Season 2, Episode 5
Director: Chris Carter
Writer: Chris Carter
“Duane Barry” is apparently considered sacred across the Internet largely (slightly spoilery here) because of the landmark event in its second half. I did some research, you see, which – as Internet research tends to do – spoiled the ending for me. More on that tomorrow. Aside from that, “Duane Barry” is important because it is the first episode of the series actually directed by creator Chris Carter, and he acquits himself well by introducing an episode wholly devoted to the alien abduction mythology of the overall series. It’s an excellent episode, too, because Carter focuses on real-life tension between Mulder and the titular character Duane Barry (Steve Railsback, Helter Skelter) during a hostage standoff.
The prologue begins in the past as Duane Barry (he likes to refer to himself in the third person, so that does become a little tiring) is approached by aliens for what apparently becomes another Barry alien abduction. Little green men surround him, and he screams as a white light engulfs him. The camera pulls back revealing a UFO hovering above the house with a tracking beam pulling Barry into the sky. Flash-forward to modern day and Barry, a formerly successful FBI agent, lives in a mental institution under the care of Dr. Hakkie. In the blink of an eye, Barry overpowers a guard, takes his gun, and kidnaps Dr. Hakkie with the intent of having him witness a potentially pending alien abduction. Duane Barry makes his way to a travel office (ha) where he takes the staff hostage and attracts the attention of the FBI.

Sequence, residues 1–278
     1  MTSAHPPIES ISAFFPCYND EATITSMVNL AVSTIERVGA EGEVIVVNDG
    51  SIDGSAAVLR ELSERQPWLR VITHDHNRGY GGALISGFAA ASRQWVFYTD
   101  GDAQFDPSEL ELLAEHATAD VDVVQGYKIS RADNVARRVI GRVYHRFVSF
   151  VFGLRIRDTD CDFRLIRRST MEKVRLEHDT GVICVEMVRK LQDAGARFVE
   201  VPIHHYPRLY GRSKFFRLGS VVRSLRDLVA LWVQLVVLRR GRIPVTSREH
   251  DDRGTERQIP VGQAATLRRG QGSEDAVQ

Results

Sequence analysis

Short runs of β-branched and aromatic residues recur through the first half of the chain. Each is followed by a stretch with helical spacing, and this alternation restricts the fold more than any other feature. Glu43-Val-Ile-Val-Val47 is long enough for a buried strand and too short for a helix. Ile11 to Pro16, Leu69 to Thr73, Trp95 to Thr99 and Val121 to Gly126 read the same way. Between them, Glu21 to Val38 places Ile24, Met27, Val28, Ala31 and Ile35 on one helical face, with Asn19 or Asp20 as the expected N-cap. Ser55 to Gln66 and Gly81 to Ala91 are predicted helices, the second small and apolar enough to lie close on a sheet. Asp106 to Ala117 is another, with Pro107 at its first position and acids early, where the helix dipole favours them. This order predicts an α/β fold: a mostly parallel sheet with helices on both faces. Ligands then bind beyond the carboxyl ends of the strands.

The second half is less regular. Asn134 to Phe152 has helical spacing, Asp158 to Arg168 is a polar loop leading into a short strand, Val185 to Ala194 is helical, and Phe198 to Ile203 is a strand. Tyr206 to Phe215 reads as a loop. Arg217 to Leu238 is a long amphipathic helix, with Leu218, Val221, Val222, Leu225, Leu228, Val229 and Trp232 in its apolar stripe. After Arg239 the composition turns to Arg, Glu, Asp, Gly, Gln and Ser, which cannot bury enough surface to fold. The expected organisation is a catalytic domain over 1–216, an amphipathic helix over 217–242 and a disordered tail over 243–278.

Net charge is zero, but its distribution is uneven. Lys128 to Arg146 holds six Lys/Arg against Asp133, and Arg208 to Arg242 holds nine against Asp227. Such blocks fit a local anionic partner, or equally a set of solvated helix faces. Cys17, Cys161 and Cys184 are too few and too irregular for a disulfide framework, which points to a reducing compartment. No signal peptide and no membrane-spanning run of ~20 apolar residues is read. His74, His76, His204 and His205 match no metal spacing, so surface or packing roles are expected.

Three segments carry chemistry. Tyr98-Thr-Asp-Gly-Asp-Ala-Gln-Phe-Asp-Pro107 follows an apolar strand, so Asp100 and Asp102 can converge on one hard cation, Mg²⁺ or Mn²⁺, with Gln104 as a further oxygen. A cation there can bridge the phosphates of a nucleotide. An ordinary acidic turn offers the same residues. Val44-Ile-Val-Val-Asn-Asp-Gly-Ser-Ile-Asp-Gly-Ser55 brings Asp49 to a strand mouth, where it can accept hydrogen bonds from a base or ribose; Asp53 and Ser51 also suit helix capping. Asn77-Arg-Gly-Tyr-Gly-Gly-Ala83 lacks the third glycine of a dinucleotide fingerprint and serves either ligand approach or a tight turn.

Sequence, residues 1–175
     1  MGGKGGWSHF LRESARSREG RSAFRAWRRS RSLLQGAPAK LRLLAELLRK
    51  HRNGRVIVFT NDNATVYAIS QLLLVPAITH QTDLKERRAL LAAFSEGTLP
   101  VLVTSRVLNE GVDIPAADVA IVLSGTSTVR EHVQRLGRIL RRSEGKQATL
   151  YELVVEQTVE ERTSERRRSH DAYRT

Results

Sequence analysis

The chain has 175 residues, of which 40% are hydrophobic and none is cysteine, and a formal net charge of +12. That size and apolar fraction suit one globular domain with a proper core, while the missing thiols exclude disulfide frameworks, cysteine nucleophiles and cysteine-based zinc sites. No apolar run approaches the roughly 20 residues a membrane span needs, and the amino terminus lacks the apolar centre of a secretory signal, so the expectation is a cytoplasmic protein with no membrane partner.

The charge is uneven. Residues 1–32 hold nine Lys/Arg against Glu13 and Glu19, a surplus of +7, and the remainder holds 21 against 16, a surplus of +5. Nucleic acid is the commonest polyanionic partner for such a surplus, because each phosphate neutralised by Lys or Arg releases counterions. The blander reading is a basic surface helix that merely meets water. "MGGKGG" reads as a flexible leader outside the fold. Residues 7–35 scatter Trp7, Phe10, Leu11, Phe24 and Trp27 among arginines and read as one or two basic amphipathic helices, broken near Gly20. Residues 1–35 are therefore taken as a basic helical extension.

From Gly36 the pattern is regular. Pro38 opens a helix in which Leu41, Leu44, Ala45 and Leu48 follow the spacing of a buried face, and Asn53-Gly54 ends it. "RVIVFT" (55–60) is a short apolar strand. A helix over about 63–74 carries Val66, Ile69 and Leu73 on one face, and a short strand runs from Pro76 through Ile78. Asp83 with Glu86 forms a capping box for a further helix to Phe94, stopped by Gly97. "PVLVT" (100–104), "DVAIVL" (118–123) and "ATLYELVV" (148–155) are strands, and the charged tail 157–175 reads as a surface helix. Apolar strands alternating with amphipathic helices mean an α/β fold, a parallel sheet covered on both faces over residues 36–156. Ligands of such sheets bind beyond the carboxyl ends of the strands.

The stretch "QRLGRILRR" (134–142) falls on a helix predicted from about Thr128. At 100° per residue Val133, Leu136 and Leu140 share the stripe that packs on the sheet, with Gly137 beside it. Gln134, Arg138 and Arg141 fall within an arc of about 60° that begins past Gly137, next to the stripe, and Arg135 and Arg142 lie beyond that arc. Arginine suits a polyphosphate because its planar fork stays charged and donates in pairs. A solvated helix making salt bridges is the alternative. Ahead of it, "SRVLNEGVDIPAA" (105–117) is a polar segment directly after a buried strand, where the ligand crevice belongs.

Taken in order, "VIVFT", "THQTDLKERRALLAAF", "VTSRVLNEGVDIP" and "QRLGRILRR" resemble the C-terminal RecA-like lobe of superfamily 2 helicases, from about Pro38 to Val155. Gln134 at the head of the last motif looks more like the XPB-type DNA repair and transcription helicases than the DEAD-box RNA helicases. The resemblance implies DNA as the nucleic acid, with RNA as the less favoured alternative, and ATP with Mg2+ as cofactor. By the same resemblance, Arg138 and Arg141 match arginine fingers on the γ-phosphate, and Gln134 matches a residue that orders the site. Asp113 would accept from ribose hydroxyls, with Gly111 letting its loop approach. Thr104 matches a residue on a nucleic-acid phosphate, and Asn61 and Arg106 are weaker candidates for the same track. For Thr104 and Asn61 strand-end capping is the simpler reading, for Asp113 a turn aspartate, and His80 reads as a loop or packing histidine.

Mulder and Alex Krycek arrive on scene and begin to work with Agent Lucy Kazdin (CCH Pounder) on a method of freeing the hostages without giving into Barry’s psychosis. Ditching an attempt to converse via phone, Mulder volunteers to enter the travel agency after a blackout (and potential alien arrival – we’re never really sure about that) causes Barry to randomly fire into the dark, nearly fatally wounding a man. Mulder and a medic enter the agency, and Barry eventually agrees to let the injured man leave after Mulder earns his trust due to their mutual interest in alien abductions – remember Mulder’s sister (as if you could forget). Meanwhile, Scully investigates Barry’s past after a request from Mulder and discovers Barry’s frontal cortex was damaged by a gunshot wound that would impact his reason, logic, and trustworthiness. Crushed, Mulder convinces Barry to free the hostages (one even tells him she believes him) and allows Barry to be shot by nearby agents.
In the hospital, surgeons remove several metal objects from Barry’s nasal cavity and mouth – Duane earlier claimed the aliens drilled into his teeth. Of course the objects don’t appear to be manmade nor do the drill marks appear to have been made by any Earth-bound drill. On a hunch, Scully decides to scan one of the metallic objects at her local grocery, revealing what appears to be some sort of serial number. A tracking device perhaps? In the end, she calls Mulder to relay this information and leaves it on his answering machine. Huddled outside her window is the now-escaped Duane Barry who breaks into Scully’s apartment. Her cries for help are the last thing we hear on Mulder’s answering machine.
“Duane Barry” seems to be a great episode because Carter expertly balances the alien mythology aspects of the story with a classic hostage standoff situation. He assembles a great collection of actors – Pounder and Railsback are great – and gives them meaty material with a well-constructed screenplay. Still, given the double episode structure, it’s difficult to give a full evaluation. I’ll need to see the wrap-up to determine if the overall story arc is of high quality. I suspect it will be, given the Internet’s reaction to it. The Emmys certainly agreed giving the series its first big Emmy hug largely thanks to “Duane Barry.” Carter received a writing nomination, and Pounder was nominated for Guest Actress in a Drama. The series also received its first Drama Series nomination, largely thanks to this episode.
Bigger things are coming – poor pregnant Gillian Anderson huffs and puffs her way through the episode – but “Duane Barry” is certainly one of the best thus far. Time will tell where it ranks in the overall X-Files lore.